The latest events in Germany have once more put a spotlight on crime among refugees and migrants in Germany. However, official statistics tell a different story than the media.
Earlier this week, German police arrested a 40-year-old Eritrean man after he shoved an 8-year-old boy and his mother in front of an oncoming train at Frankfurt's main station, which resulted in the death of the boy.
A week earlier, another man of Eritrean origin was shot at by a man with far-right sympathies in Wächtersbach, a small town about 34 miles (55 kilometers) east of Frankfurt, sustaining severe injuries. The two events appear to be unrelated at this stage of the investigations.
However, there has been a lot more media attention on the incident in Frankfurt than the one in Wächtersbach, prompting questions on whether the German press pays disproportionate attention to news stories, in which immigrants are perpetrators of a crime than those in which they are the victims. The far-right Alternative for Germany (AfD) party has also started to use the attack in Frankfurt as part of their anti-immigrant rhetoric.
Are refugees in Germany more criminal than the German citizens?
The German Federal Criminal Police Office (BKA) periodically releases reports on criminal offenses in Germany since the onset of the refugee crisis in 2015, examining the percentage of offenders with migrant backgrounds. The study looks at sexual offenses, bodily assaults, thefts, homicides and other crimes not only among asylum seekers and migrants but among all immigrant population groups, including foreigners with a permit to stay in the country as well as persons who are in Germany illegally.
In the most recent edition of the report, published in May 2018, the BKA actually found that crimes rates among immigrants had stabilized after a period of increase in 2015 and 2016, and were even slowly decreasing. The BKA report said that while absolute crime numbers remained steady, the overall crime rate among immigrants went down by about 2%, as further migrants had arrived in Germany (165,000 in 2018 alone). In 2017, around 8.5% of all crimes registered were committed by migrants offenders.
Moreover, the proportion of migrants involved in reported sexual crimes increased slightly from 10 percent in 2016 to 12 percent in 2017 but remained the same in 2018. An interim report in 2019 reports a 6% decrease in the first three months of 2019 compared to the same period the previous year.
Another key finding is that refugees coming to Germany from crisis regions were increasingly less likely to be involved in criminal activities than migrants from non-crisis regions. For example, while Syrian refugees were the highest proportion of refugees and asylum seekers in 2017 – a total of 35.5 percent – only 20 percent of crimes by people with a migrant background were committed by Syrians.
The BKA reports highlight that the majority of crime committed by immigrants continues to be among young, male immigrants typically aged 30 or younger.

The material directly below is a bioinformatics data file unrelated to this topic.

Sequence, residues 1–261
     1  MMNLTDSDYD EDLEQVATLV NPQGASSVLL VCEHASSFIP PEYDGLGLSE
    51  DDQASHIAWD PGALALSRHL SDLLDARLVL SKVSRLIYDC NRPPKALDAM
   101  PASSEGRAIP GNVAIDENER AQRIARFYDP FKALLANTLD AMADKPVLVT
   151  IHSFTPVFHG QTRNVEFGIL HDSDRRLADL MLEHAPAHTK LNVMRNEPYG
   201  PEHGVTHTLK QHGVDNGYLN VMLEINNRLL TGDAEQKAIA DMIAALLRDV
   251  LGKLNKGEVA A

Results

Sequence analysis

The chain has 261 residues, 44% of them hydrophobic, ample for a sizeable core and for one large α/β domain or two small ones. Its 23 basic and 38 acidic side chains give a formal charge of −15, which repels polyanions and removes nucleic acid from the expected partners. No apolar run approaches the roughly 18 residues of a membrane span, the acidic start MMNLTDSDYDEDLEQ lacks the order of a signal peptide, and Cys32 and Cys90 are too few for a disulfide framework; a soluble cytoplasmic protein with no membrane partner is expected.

Meanwhile the overall percentage of immigrant crime victims is at about 5% of all crimes, according to the BKA's 2018 report. However, while the rate of immigrant murder victims is particularly high among the crime statistic (8% of all murder and manslaughter victims were immigrants in 2018) the rate of sexual assault and rape was comparatively low, with only 2% of all victims reportedly being immigrants. The vast majority of immigrant crime victims (81%) were targets of physical assaults, including arson attacks.
Crime as a political issue
However, when it comes to daily reporting and the public's perception of crime among immigrant communities, facts and figures from the BKA don't always factor in.
German Interior Minister Horst Seehofer had to interrupt his summer holiday to meet with representatives of the security forces and discuss the series of violent incidents in recent weeks, including the attacks in Frankfurt and Wächtersbach, attacks on members of the Left party, and bomb threats against mosques.
"I am deeply shocked by this cold-blooded murder," Seehofer said at a press conference about Monday's incident in Frankfurt, before adding that recent events had created a sense of an "erosion of values" in Germany. "Criminality is falling, but the feeling of safety is still very tense," he stressed.
"I note that some parts of the public have already formed a judgment of this incident," he added, highlighting that judgement should be reserved until the full background of the attack is clarified.
Meanwhile, Alice Weidel, leader of the far-right AfD, tweeted four times about the incident by Tuesday afternoon, blaming the 8-year-old's death on the "borderless welcome culture" throughout Europe.
Nicht mangelnde Sicherheitsstandards sind problematisch, sondern massive Einwanderung Illegaler und deren oft ungeklärter Verbleib in #Deutschland. Kaum Ausweisungen, keine #Grenzkontrollen - die Sicherheit wird grenzenloser #Willkommenskultur geopfert. #Frankfurt #Seehofer— Alice Weidel (@Alice_Weidel) 30 July 2019
The issue is likely going to be further politicized as the case goes to trial. With elections due to be held in three German states later this year, immigration and asylum policies continue to be at the forefront of the political debate in Germany.